A better alternative is to enhance Congress’s capacity as a transformative institution within the separation of powers system. Instead of accepting polarization as the defining feature of the legislature, reformers should work to attenuate it by enhancing the capacity of individuals and groups of members to develop policy and conduct rigorous oversight. In this view, modernization would serve to enhance the power and functioning of Congress, not minimize its role, and allow us to retain the unique benefits of legislative government: diversity of representation, public deliberation, and checking executive power.

Two areas of reform that would strengthen Congress are: (1) increased resources for individual members and committees; and (2) rules changes to empower the committee system. Neither would usher in a golden age of congressional power and functionality, but both would begin the process of rebuilding the deliberative and policymaking strength of the institution.

While numerous process reforms could strengthen policymaking, the lowest-hanging fruit would be to strengthen the role of committees.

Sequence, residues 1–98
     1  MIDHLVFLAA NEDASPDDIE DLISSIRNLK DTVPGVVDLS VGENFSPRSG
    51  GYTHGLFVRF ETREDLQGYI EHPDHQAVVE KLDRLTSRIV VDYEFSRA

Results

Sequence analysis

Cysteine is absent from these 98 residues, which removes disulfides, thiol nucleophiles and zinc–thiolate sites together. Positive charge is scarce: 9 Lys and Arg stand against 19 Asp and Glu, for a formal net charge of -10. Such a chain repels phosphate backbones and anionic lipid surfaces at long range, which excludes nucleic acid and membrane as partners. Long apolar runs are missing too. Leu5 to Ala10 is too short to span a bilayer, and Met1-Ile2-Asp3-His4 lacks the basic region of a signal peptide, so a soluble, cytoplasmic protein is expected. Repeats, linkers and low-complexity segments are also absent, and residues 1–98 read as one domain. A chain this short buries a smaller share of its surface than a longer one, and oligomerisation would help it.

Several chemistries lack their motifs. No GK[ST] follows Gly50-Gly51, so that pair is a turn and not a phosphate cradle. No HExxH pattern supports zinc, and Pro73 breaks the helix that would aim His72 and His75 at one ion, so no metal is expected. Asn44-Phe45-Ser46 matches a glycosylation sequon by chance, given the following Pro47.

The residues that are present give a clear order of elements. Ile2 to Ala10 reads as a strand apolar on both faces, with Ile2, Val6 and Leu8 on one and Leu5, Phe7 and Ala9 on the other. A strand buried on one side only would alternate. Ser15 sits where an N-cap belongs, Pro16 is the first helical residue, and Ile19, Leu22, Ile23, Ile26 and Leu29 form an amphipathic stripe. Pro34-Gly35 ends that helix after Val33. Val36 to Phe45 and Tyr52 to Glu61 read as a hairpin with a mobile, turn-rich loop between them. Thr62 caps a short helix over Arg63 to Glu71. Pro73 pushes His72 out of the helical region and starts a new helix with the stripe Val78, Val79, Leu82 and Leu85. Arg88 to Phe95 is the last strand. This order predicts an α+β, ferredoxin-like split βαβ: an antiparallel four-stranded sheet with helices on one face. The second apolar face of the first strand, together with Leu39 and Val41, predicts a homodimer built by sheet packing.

Information is vital to the legislative process. Members of Congress must gather and analyze policy information in order to make informed votes, present alternative policy positions, and craft political arguments to defend their positions. Without the resources to hire their own staff, members become reliant on others for legislative information. By and large, current members do not believe they have the necessary staff; in a recent Congressional Management Foundation survey, only 6% of senior staff reported being “very satisfied” that Members had adequate time and resources to understand and consider legislation. Only 11% thought Congress had adequate capacity to “perform its role in democracy.”

Modern pressures are exacerbating this capacity problem. First, austerity budgets have caused members’ financial resources to decline in real dollars over the last decade. This not only prevents the hiring of enough staff, but also constrains staff salaries. Staff who develop significant expertise often leave the Hill for more lucrative opportunities. Simultaneously, technology has increased the demands of constituent communications on Member offices, leaving fewer staff to handle policy. Finally, easy availability of policy information has enlarged the sphere of knowledge necessary to develop true expertise. With less money and fewer staff chasing more information, members invariably rely on outside groups and, in particular, party leadership to guide their thinking. This has fueled partisanship and reduced the ability of members to engage in substantive deliberation.